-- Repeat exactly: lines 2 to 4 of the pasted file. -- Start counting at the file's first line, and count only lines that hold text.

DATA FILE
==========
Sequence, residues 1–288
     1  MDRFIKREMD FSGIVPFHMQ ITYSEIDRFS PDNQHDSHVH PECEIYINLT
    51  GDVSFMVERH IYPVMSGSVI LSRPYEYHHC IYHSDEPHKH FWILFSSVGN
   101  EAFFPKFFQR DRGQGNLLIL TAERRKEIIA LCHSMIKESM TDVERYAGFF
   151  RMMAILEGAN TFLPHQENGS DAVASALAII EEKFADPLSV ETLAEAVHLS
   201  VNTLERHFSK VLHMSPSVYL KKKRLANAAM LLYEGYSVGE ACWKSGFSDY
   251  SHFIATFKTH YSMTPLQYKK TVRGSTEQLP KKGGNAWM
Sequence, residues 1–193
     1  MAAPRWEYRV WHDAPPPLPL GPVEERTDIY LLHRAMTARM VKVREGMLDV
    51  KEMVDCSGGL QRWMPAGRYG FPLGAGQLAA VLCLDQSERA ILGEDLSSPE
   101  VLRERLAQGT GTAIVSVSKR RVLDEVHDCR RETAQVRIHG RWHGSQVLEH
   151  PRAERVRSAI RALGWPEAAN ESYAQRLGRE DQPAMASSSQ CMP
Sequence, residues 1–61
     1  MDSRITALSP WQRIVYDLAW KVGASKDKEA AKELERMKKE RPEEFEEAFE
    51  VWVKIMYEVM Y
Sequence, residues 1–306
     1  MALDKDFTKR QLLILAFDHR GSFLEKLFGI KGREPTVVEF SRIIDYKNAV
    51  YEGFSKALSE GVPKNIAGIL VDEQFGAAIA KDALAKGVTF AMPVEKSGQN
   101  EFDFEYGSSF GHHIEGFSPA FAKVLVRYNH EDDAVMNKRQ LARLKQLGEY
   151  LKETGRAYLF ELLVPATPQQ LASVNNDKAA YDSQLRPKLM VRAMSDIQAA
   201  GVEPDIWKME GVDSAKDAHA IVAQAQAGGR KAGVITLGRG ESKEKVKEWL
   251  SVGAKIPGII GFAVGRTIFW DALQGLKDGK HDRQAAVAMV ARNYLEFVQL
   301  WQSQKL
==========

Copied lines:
     1  MDRFIKREMD FSGIVPFHMQ ITYSEIDRFS PDNQHDSHVH PECEIYINLT
    51  GDVSFMVERH IYPVMSGSVI LSRPYEYHHC IYHSDEPHKH FWILFSSVGN
   101  EAFFPKFFQR DRGQGNLLIL TAERRKEIIA LCHSMIKESM TDVERYAGFF